Do you have a chicken coop but no yard to put it in? Or maybe your yard is big enough, but you don’t want the mess and hassle of having chickens running around loose. Well, have I got the solution for you!
With a little bit of work, you can build a portable chicken run (or chicken tractor) that will keep your chickens safe and sound while giving them plenty of room to roam.
Best of all, when you’re done with it for the day, you can just wheel it away to hide it out of sight. So let’s get started!
Are chicken tractors worth it
I’ll go through the steps to construct the chicken run which will become the chicken tractor as well. This is designed to attach to the chicken coop and be detachable to be moved around the yard.
The idea here is that the chickens can safely scratch a new area of the yard each day or at least a couple days per week.
This helps to keep the chicken run area cleaner, helps to spread their manure around the yard, and fertilizes the grass.
What do you need to DIY a movable chicken pen
Here’s what you need to start building your detachable chicken coop:
- 4×8 wood frames
- 2×6 pressure-treated wood frames
- Hardware cloth
- 2.5″ duct screws
- Four 1”x4 wood sticks (for rafters)
- 2 sets of wheels
How do you build a portable chicken run
The chicken coop that I built earlier came along nicely! I’ve cleared an area of land and found that my slope will require some leveling, but other than that it’s all good.
The 4×8 detachable chicken run will stand between 5 and 6 feet tall and should easily slide up to attach squarely onto this foundation.
Step 1: Find a leveled ground
One of the methods I found to make leveling an area easier is to take a 4×8, and find the lowest corner of the area you want to level out.
And then just build up on the other end of the board until it’s level across the whole section. Then you can just measure how much you need to dig out for a level surface.
Step 2: Build the foundation
Once your area is level, build a 4’x8’ boxed foundation frame with 2x6s. I bought pressure-treated wood for these.
It will have to support the wall frames while in contact with the ground, so we need it to withstand those conditions. I will also be staining everything which will add more protection.
Step 3: Build the wall frames
Once you have built your basic foundation, you’re ready to build the wall frame on top. The chicken coop is sloped, so we are keeping the same design for the run.
The wall on one side will be 5’ tall and 6’ on the other, which will keep with the slope of the chicken coop roof, just slightly lower.
Step 4: Put up the roof
We’ll put a roof on that and then we’ll hardware cloth all the way around. We’ll also add a door and a nesting box inside so the chickens have a place to lay eggs when they are out and about.
To complete your wall framing, make sure to secure the studs to the bottom inside rim of your box. I used 2.5” duct screws all around.
I added extra 2x4s on the outside of the frame to ensure I have a flat surface on which to staple the hardware cloth.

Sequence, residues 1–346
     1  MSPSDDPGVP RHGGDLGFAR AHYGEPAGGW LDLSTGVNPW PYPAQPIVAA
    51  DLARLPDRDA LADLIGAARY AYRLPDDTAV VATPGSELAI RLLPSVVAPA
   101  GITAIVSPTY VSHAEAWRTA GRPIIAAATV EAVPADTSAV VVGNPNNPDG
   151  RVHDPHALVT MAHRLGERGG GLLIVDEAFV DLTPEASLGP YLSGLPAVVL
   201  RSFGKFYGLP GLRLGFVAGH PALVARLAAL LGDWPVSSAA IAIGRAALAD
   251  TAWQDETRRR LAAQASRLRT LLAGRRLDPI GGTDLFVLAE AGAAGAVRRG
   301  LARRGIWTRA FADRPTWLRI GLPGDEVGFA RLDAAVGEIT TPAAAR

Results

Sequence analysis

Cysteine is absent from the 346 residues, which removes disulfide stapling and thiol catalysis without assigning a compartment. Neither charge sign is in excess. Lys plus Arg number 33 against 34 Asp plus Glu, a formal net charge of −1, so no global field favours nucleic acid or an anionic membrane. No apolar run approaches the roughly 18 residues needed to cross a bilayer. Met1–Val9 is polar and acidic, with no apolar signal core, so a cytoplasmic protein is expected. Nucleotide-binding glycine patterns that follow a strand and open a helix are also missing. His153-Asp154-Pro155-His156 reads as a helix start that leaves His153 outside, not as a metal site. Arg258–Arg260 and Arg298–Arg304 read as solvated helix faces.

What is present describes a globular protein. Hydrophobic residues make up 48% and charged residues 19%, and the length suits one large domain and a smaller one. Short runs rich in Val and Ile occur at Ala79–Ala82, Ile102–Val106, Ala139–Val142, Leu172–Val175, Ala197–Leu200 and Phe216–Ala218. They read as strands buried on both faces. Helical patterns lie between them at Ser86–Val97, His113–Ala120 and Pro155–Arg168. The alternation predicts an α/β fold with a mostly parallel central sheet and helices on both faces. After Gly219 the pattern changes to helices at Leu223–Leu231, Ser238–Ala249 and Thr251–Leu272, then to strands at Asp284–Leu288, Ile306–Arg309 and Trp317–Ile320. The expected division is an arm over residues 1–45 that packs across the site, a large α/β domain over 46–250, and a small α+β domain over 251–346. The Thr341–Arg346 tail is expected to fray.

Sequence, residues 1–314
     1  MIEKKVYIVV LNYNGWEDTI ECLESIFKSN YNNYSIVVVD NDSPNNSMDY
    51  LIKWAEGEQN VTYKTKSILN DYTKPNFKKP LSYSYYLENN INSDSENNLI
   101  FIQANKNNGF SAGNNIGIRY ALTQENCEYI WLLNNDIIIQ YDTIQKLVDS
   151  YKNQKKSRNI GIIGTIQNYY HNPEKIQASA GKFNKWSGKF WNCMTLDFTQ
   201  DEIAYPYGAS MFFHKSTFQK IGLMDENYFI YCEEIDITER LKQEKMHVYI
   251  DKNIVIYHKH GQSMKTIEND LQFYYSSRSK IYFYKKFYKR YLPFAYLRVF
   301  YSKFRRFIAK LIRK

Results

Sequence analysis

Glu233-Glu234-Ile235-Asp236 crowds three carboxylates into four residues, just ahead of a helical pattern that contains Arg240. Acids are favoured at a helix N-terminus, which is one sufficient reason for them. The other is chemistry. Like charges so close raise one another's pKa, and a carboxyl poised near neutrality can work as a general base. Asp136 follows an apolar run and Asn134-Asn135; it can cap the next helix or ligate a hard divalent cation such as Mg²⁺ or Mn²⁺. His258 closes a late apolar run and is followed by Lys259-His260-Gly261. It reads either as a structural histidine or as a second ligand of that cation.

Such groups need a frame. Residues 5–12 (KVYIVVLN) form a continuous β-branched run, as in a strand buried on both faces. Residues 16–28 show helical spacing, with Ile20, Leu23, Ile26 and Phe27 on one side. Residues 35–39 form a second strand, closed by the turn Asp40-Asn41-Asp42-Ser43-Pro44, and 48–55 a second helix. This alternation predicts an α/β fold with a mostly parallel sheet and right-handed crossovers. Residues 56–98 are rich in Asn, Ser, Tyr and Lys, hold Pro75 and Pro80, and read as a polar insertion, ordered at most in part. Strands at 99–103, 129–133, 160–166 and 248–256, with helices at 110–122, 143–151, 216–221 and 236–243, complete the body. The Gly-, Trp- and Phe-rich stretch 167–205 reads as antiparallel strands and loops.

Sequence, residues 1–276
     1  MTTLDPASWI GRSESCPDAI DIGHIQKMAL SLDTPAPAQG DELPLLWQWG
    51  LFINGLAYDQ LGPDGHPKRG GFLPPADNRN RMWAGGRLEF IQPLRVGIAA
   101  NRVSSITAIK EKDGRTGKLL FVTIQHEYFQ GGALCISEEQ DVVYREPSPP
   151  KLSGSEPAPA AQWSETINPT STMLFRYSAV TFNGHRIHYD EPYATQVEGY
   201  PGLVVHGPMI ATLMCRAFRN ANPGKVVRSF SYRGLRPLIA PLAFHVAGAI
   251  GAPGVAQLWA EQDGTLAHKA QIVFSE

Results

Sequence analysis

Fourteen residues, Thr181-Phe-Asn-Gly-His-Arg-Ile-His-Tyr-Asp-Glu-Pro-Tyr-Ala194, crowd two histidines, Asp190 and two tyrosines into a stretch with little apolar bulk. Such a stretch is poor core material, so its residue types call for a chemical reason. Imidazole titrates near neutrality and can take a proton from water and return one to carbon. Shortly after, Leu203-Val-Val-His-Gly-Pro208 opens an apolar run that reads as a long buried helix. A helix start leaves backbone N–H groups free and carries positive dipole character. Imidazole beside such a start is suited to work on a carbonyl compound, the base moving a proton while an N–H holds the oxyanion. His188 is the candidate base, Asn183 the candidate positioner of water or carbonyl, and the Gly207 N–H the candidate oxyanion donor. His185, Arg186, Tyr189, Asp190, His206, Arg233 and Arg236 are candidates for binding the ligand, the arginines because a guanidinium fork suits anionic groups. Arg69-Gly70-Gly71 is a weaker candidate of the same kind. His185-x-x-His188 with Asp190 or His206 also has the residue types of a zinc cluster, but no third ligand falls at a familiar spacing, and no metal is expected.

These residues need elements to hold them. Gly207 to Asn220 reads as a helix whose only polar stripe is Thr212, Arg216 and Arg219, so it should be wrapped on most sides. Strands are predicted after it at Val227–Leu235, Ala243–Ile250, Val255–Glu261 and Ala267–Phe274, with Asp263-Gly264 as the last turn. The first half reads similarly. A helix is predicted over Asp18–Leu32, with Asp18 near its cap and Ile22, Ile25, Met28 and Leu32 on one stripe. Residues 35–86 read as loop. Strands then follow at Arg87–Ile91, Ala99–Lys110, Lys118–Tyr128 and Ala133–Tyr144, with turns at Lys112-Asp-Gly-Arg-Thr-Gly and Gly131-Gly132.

I had the option to use chicken wire instead of hardware cloth, and it’s a lot cheaper, however, it’s much flimsier and never really lays flat, so I chose to spend a little more for aesthetics.
Step 5: Secure the roof with rafters
To build the rafters, I just cut them to fit inside the wall. I used a total of 4, two on each end, and two in the center. On top of the rafter, I added 4 1”x4s and just laid them flat, running across all of the rafters.
This helps support the roof in the event of snow, and it gives us something else to secure the roof too. I trimmed the excess length of the screws with a Sawzall.
The roof on the chicken run doesn’t have a lot of overhangs, maybe about 1”, which is sufficient enough to keep rain and snow out of the area.
Step 6: Make the door
To build the door I just made a rectangular frame and secured it straight. I drilled some holes on the door frame that are larger than my duct screws.
This will make a pocket screw so that the screws are fully embedded into the frame. These will keep them protected from the elements and basically invisible. I’m gonna do the same thing to the frame support boards.
I got some used hinges from an old building and I’ll be re-using the hardware. I also have a sign that says “Fresh Eggs” I’ll be putting up.
This is all from my wife’s grandfather’s old farm, so it’s a nice personal touch. I’ll be cleaning up the hardware, getting the rust off, and spray painting them black with Rustoleum.
That will prime and seal them up nicely, and make them look new again.
Step 7: Add the wheels
The final step after stapling the hardware cloth is to add the wheels and build a hitch for the tractor. This whole chicken run remains completely removable.
It’s just 4 bolts on each side, and then the hitch is held on with a pin. So it’s very simple to take off, and put back on.
The hardware cloth was a little time-consuming, but it was well worth it in the end.
The chickens love their new run, and we love being able to move it around the yard.
Plus, it looks a lot nicer than chicken wire! We may eventually add a second run so they have even more space to roam.
But for now, this works great, and it was a fun project to work on!